When student activist Jack Weinberg declared “Don’t trust anyone over 30”—at the height of the Free Speech Movement at UC Berkeley in the mid-1960s—he was, to some extent, speaking for an entire generation, a generation that had lost faith in the wisdom of their elders, a generation that had concluded that the present had little or nothing to learn from the past. But he was also giving voice to an intuition that flows quite naturally out of cultural currents that predate the babyboomers, such as the theory of the avant-garde, the Whiggish faith in progress, the modernist obsession with all things new—which Nassim Nicholas Taleb has aptly dubbed “neomania”—and the sense, so well articulated by Henry Adams in The Education of Henry Adams (1907), that the modern world constitutes a radical break with history: “in essentials like religion, ethics, philosophy; in history, literature, art; in the concepts of all science, except perhaps mathematics, the American boy of 1854 stood nearer the year 1 than to the year 1900. The education he had received bore little relation to the education he needed. Speaking as an American of 1900, he had as yet no education at all. He knew not even where or how to begin.” Is this modernist mistrust of the past justified? I used to think so. But lately, not so much.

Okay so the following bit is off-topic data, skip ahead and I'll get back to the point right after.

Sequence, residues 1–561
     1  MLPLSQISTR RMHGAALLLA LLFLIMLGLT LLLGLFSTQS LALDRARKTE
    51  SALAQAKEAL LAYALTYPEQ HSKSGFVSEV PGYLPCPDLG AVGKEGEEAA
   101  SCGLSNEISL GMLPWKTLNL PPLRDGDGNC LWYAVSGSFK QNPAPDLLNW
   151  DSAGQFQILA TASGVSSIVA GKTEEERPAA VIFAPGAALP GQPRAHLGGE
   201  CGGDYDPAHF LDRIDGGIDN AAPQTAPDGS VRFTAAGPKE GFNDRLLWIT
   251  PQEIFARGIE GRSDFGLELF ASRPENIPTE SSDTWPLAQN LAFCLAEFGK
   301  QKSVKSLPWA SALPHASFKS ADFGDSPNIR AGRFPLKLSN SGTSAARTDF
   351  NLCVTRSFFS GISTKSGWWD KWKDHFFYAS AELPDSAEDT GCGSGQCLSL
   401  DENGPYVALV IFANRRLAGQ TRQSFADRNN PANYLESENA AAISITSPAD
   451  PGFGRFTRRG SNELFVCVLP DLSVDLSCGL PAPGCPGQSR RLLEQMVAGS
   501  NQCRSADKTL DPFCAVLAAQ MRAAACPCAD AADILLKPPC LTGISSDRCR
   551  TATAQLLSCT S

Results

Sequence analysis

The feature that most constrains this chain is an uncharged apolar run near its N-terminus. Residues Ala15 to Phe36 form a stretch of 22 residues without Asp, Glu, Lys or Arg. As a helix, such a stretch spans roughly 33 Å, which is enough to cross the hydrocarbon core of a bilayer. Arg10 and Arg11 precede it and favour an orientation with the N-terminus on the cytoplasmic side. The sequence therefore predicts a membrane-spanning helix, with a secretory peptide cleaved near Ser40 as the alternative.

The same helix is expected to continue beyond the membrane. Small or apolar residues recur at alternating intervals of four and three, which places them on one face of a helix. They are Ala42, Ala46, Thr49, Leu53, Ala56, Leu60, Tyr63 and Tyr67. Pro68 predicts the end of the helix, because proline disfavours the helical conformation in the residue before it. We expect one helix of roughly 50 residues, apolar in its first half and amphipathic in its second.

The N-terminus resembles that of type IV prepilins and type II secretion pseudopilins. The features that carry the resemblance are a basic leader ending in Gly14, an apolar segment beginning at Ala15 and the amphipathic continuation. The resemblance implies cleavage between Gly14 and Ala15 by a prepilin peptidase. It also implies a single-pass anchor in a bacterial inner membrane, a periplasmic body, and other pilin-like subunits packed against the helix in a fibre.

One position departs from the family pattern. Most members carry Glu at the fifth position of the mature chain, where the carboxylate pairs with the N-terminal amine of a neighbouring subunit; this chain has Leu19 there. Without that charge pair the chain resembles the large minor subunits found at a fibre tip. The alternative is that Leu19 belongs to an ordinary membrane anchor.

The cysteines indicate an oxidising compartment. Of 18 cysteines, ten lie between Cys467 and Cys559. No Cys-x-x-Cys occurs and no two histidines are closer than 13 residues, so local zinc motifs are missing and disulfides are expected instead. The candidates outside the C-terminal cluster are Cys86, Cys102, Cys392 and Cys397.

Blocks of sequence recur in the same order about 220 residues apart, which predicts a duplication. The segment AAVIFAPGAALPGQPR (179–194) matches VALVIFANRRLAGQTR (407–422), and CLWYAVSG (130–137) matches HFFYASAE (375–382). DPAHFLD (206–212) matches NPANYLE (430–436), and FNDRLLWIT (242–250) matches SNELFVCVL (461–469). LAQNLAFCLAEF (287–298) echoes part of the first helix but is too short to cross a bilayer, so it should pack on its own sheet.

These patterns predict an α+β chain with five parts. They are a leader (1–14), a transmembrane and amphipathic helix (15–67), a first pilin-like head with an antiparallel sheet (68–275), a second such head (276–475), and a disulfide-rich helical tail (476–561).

Inventions like the microscope and the telescope have made it possible for scientists in fields like molecular cell biology and particle physics to see things—faraway stars, subatomic particles, and microscopic viruses—which simply couldn’t be seen in the ancient world. As such, the rapidly changing received wisdom in fields which benefit from these amazing technological innovations is easy enough to explain and justify. The rapidly changing received wisdom in the humanities and the social sciences is far less easy to explain and justify.
Is there any technological advance which has made it possible for us to “see” things about human nature which would have been “invisible” to thoughtful people in the ancient world? I can’t, for the life of me, seem to think of one. Has modern life, and everything it entails, so fundamentally rewired our brains that human nature is, in the twenty-first century, dramatically different from the human nature which prevailed in, say, the Egypt of the Pharaohs? I doubt it. And this doubt leads me to two troubling questions: If our capacity to “see” human nature hasn’t changed much, and human nature hasn’t changed much, how can we justify and explain the rapidly changing received wisdom in the humanities and the social sciences? What’s more, if little has changed, how can we justify the claim that the present has little or nothing to learn from the past?
—John Faithful Hamer